What are Metamaterials?
Over the past 18 years, the science of “metamaterials” has emerged. The word metamaterial comes from the Greek word “meta”, which means “to go beyond”.
Structure of Metamaterials
Metamaterials are nanocomposite structures made up of materials—such as metals or plastics—which are engineered by Metamaterial Technologies Inc.’s (MTI) scientists to exhibit properties not found in nature.
A “metamaterial” is commonly described as an assembly of multiple individual elements (which are sometimes referred to as meta-atoms). These meta-atoms are fashioned from conventional microscopic materials such as metals or plastics, but the materials are usually arranged in specific periodic patterns. Therefore, metamaterials gain their properties not from their composition, but from their exactingly-designed structures.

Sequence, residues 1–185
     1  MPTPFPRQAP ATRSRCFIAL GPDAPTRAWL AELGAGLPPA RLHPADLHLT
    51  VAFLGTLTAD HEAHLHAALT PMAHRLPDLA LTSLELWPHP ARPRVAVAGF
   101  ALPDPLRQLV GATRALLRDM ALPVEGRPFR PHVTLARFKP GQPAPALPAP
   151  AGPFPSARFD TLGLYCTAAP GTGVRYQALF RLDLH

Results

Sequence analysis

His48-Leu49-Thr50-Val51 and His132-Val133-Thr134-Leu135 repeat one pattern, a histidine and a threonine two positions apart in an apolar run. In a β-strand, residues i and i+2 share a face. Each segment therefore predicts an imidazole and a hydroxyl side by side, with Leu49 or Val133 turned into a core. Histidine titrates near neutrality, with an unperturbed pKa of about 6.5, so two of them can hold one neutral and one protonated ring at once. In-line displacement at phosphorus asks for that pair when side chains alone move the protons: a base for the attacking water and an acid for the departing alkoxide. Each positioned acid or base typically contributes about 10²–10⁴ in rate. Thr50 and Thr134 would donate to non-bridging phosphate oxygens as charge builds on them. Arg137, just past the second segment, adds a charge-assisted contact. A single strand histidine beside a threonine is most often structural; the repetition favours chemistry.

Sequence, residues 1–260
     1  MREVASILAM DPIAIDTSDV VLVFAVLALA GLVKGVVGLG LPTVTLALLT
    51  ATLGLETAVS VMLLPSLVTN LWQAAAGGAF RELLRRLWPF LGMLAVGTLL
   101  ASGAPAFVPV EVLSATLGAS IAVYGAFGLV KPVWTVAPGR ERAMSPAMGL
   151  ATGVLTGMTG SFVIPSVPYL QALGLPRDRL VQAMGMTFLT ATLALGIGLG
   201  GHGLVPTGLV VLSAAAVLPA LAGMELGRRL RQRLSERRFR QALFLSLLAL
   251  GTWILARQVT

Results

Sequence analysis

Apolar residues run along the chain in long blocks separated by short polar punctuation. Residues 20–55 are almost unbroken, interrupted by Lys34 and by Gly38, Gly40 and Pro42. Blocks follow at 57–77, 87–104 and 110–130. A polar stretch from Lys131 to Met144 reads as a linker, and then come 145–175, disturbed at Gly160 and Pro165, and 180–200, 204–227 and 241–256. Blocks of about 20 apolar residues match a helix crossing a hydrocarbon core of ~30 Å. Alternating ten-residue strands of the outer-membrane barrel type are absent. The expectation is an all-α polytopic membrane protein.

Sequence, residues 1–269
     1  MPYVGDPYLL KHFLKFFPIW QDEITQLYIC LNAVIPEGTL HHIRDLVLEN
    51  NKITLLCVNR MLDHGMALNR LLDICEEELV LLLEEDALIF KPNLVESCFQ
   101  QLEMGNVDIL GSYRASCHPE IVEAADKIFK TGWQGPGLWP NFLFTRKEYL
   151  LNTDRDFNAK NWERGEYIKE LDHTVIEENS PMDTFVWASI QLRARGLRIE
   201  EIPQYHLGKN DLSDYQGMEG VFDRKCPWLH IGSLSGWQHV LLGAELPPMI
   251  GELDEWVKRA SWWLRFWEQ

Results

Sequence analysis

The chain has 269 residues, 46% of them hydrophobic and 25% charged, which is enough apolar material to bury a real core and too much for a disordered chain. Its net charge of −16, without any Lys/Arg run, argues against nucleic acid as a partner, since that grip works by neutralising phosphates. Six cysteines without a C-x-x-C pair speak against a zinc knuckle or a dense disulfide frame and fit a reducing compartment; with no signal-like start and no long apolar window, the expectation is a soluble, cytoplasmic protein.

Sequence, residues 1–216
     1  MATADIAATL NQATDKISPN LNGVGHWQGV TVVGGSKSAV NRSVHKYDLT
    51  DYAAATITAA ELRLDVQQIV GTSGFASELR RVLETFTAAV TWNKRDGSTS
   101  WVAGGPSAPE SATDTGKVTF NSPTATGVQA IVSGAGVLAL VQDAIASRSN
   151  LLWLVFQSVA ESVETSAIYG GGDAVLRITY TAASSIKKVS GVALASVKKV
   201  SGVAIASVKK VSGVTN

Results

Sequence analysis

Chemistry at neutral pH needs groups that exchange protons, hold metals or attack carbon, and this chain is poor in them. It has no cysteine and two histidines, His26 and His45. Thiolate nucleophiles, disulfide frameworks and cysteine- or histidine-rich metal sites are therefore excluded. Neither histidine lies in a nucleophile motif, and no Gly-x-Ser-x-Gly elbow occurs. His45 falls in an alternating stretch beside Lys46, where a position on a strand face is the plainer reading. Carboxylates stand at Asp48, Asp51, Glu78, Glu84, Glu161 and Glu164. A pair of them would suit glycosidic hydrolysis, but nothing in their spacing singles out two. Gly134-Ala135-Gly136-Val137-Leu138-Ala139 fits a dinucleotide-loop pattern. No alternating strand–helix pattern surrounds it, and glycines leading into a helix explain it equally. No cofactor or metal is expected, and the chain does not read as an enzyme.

Their precise shape, geometry, size, orientation and arrangement affects electromagnetic waves of light to create material properties that are unachievable with conventional materials. Metamaterials attain the desired effects by incorporating structural elements of sub-wavelength sizes, i.e. features which are actually smaller than the wavelength of the electromagnetic waves that they affect. These structures within metamaterials are measured in nanometers (nm), just like wavelengths. Some meta-atom structures may be as small as 5 nm, or five billionths of one metre. For perspective, the thickness of a human hair is approximately 100,000 nm wide.
Metamaterial research focuses on structures which produce unusual and exotic electromagnetic properties; manipulating light in ways which were previously not possible in nature. Similar to the development of classical electromagnetism, metamaterial developments are expected to fundamentally alter the way the world works today.
Metamaterial Technologies Inc. is one of the first companies to move metamaterial technology from the academic community—where it has been researched over the past decade—into actual commercialization.